Laura Speers Temple Rome

Slow Food in Italy

Italy is the founding nation of a global food movement known as the Slow Food Movement. This movement was originally founded in 1986 in opposition to fast food. In fact, it was started in protest to a McDonalds opening near the Spanish Steps in Rome. Today the movement has expanded to over 150 countries, including the United States. Its objectives include promoting buying local, fresh, and organic food, educating the public about the food system, food safety, and the risks of fast food, and trying to encourage people to buy the best tasting, best grown, and best overall food for yourself and our world. Many restaurants in Rome embrace this slow food movement, one of them being Urbana 47.

Urbana 47, named for its location on via Urbana, 47, right by the Cavour metro B stop, is by no means your traditional Italian trattoria or pizzeria. It is much more similar to the kinds of restaurants that populate Philadelphia. It was relatively small, very modern and super sleek. Although the look and feel of the restaurant was more what I was used to, the thing that got it on my list (as is always the case) was the food. Urbana 47 prides itself on “healthy cuisine,” but most importantly, the restaurant has a “zero food miles” philosophy. This means that all their ingredients come from nearby, small producers which allows them to leave a small environmental footprint and insure they are using only regional, fresh, and quality ingredients.

In addition to the a la carte option, Urbana 47 also offers 3 tasting menus for you to choose from “to make you appreciate the quality of “km 0″ local products,” as they put it. I opted for the first tasting menu: 2 savory courses and a dessert for 35 Euro.

Since Urbana’s menu was more modern and a bit more refined than the trattorias I had become familiar with, I was less certain about the items that I had ordered. There was an English version of the menu online that I had looked over, but I did not remember details from it. This made it all the more exciting to guess which dish was mine as I watched the kitchen prepare the plates.  When I saw them plate this particular dish, I desperately hoped it was meant for me and was happy to find out that it was.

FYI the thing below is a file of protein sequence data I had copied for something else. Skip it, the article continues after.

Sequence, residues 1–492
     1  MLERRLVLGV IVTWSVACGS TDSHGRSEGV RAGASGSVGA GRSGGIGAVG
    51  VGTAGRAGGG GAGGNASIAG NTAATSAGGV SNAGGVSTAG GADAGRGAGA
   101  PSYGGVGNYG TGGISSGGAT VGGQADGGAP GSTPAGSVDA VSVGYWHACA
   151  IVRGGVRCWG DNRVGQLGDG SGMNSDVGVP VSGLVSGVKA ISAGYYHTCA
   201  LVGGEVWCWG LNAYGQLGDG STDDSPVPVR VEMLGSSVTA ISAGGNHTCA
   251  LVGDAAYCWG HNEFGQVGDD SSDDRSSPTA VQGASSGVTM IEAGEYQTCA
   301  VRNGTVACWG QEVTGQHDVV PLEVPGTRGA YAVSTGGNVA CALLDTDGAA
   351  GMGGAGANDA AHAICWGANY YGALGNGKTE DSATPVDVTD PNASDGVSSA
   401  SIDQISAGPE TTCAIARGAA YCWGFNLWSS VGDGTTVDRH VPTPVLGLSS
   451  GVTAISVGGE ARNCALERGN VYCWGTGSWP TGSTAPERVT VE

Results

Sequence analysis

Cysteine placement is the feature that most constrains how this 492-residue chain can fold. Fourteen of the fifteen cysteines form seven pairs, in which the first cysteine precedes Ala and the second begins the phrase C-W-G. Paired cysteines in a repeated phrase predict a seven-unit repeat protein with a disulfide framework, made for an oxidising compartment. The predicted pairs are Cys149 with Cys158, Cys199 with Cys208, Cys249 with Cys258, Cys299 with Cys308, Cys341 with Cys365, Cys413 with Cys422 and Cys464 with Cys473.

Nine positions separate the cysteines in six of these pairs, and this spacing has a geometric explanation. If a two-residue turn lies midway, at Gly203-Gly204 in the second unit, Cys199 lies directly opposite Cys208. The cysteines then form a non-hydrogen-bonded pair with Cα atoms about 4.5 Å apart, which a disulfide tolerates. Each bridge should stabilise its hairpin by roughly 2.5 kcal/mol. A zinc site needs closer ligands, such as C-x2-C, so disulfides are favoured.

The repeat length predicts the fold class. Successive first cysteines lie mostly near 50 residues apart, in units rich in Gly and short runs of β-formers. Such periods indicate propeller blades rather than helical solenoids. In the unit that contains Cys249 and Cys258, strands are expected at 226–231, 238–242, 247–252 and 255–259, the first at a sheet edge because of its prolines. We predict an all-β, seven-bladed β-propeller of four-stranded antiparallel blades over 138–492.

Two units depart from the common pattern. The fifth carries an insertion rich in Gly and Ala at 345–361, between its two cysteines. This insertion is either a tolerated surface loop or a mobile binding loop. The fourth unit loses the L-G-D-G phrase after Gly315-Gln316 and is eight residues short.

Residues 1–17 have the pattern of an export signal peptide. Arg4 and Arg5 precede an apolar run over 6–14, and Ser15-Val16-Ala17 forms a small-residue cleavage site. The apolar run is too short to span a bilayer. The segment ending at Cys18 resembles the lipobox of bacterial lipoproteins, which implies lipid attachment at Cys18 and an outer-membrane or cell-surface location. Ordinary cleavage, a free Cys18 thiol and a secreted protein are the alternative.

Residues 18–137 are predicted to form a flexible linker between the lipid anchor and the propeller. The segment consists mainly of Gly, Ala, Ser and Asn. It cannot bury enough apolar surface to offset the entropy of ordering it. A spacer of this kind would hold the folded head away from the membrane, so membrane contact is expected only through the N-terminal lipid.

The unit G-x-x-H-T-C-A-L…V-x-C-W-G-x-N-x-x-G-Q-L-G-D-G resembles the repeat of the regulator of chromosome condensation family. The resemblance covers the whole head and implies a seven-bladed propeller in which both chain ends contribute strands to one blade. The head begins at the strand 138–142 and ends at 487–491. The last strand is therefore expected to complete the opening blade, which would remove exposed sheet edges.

Two generous slices of mozzarella di bufala grilled and placed atop two piles of crispy chicory with a sweet and spicy tomato jam on the side. Oh my goooosssh. This was incredible. It was rich from the cheese which had traces of smokiness from the grill and was countered by the bitter-sharp taste of the chicory, and then it was all brought together with the sweetness of the jam which lightened the whole thing up. Perfection.

My second dish was more of a mystery to me. All I knew was that it was something with cod. It ended up being a cod and potato tort topped with a creamy parmesan cheese sauce. Even as I ate I couldn’t find where the super fresh taste of cod was coming from. I didn’t care. The dish reminded me of scalloped potatoes, a favorite of mine growing up. Despite how much effort clearly went into the making of the dish, it didn’t taste overly complicated. There was a good balance between the cod, potato and cheese, and it was just enough food to satisfy my hunger.

What my dessert would be was, as well, a mystery to me. What I was brought was quaint, simple, and chocolate. It looked promising.

I was pleased to discover that the dessert was a take on tiramisu. There was a light chocolate-coffee mousse layer on the bottom topped with a light sponge cake layer, topped with a chocolate pudding layer finished off with a bit of whipped cream and espresso beans. It was not too sweet and had more mousse than cake to it, which I liked.

Urbana 47 ended up being exactly what I needed. I was ready for a break from heaping piles of pasta (delicious as they may be) and was missing the restaurants I had grown to know so well in Philly. At Urbana 47 I was able to reconnect with a more familiar style of dining while still experiencing the classic flavors of Rome’s chicory, cod, and cheese. The best part of all was that I knew the food I was eating supported a local system of fresh, quality, slow food.

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